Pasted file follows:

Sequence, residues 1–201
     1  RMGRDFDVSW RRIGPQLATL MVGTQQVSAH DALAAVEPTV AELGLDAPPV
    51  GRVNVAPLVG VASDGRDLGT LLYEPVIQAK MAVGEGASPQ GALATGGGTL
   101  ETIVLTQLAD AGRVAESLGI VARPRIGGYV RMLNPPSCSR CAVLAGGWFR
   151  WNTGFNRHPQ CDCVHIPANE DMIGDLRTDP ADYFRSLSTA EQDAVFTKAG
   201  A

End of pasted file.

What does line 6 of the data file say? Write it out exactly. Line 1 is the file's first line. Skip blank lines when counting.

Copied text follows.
   201  A